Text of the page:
Instead of providing services and effecting job and wealth-creation to the people, the ANC now seems intent forcing private companies to give away part of their company ownership to do it instead. As if current lessons that should be learned are going unnoticed. Then again, they probably are. I'm also referring to so-called "land restitution". Farms are being bought off non-white farmers, and given or sold to landless black folks by the government. While this may seem like an incredibly noble thing, what happens is that the new owners have no clue how to farm, manage the intricate business that is agriculture, and pretty soon, a productive farm becomes a white elephant that produces nothing at all - hence why our country is for the first time in a century or more, importing food it was until recently able to grow for itself. So much for learning - but then, given the shocking state of our so-called education department, I suppose I shouldn't be surprised.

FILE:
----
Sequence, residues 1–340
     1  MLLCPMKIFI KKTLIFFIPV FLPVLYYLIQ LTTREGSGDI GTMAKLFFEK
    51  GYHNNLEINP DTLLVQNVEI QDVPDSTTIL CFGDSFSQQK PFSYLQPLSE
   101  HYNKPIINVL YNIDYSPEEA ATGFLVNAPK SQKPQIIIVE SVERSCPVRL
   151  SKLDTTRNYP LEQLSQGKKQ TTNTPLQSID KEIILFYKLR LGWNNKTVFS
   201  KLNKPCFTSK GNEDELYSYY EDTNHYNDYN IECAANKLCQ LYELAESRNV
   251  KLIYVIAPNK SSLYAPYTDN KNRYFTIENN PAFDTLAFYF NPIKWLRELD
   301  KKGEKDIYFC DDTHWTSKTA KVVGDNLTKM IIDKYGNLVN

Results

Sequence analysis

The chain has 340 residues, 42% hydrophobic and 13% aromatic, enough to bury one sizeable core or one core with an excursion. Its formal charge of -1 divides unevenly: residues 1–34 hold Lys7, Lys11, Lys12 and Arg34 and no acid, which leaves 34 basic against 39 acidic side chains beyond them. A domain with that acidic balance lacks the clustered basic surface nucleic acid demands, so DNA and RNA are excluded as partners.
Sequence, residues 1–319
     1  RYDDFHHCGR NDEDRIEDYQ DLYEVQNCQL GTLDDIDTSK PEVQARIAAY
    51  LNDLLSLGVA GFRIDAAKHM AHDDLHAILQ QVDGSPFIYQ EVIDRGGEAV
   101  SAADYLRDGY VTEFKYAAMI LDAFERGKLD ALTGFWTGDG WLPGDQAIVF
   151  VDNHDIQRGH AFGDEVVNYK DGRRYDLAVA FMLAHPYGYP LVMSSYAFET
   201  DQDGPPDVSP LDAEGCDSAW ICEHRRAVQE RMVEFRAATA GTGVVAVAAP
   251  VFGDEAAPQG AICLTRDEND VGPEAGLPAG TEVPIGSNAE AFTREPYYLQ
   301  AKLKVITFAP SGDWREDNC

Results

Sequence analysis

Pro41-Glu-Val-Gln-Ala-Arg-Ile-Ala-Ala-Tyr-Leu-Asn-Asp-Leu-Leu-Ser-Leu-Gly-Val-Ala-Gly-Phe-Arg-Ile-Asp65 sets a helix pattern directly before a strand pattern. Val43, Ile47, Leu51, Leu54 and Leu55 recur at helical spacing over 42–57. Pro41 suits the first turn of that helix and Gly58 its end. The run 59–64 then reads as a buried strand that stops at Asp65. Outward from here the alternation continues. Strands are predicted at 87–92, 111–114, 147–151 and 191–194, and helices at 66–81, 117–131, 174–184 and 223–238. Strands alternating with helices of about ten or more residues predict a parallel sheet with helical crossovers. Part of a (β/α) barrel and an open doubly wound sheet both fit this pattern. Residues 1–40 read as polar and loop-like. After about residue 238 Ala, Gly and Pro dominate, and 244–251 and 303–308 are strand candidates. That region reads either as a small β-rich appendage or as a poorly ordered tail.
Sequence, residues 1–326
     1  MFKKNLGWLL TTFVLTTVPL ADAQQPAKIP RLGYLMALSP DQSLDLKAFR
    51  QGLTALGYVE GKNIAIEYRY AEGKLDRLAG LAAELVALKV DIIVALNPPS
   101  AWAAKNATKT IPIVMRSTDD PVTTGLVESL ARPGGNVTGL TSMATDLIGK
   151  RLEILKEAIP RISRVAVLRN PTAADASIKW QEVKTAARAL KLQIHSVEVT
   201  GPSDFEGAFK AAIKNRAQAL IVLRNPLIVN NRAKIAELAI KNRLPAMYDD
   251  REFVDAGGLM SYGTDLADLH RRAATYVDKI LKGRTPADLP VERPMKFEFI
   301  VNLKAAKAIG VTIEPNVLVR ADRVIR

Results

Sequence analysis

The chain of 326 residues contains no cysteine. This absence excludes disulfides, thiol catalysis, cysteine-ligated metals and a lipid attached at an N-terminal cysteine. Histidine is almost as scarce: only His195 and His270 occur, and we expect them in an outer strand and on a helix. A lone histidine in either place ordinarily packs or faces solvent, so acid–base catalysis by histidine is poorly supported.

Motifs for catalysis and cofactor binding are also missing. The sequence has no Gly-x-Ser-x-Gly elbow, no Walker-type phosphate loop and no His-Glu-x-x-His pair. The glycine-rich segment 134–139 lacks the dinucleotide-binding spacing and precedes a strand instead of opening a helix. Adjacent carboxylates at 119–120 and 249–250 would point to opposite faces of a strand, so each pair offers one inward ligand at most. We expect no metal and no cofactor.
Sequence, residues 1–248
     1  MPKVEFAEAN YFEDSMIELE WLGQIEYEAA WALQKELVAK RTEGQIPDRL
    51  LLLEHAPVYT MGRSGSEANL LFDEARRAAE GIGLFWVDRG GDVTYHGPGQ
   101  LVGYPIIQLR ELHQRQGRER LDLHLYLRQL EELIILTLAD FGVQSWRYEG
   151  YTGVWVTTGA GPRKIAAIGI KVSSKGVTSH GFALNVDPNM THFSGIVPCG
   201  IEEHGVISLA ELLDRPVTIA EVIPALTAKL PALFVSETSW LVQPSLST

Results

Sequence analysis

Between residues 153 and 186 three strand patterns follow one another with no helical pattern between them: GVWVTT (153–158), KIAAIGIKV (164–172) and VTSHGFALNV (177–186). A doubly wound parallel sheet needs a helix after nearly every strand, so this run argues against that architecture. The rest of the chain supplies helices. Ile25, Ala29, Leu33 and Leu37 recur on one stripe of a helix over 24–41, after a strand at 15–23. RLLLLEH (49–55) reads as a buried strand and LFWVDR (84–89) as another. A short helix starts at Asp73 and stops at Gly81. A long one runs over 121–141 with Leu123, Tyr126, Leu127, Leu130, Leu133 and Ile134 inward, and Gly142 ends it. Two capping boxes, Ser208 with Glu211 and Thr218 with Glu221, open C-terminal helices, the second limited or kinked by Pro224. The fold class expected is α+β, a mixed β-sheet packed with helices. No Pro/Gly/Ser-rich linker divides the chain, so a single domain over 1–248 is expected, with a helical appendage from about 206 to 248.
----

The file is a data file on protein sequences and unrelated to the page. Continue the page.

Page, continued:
“Dead Man’s Hammer” by Christina Engela
“Obsidian crows frequently got run over because quite frankly, they were too damn lazy to get out of the way and anyway, they would just get up and walk off again afterwards. They were flightless birds, mainly because they were extremely hard bodied and far too heavy to fly – unless they fell off a cliff or were launched from a catapult. (Anything will fly if launched from a catapult – ask the Navy.)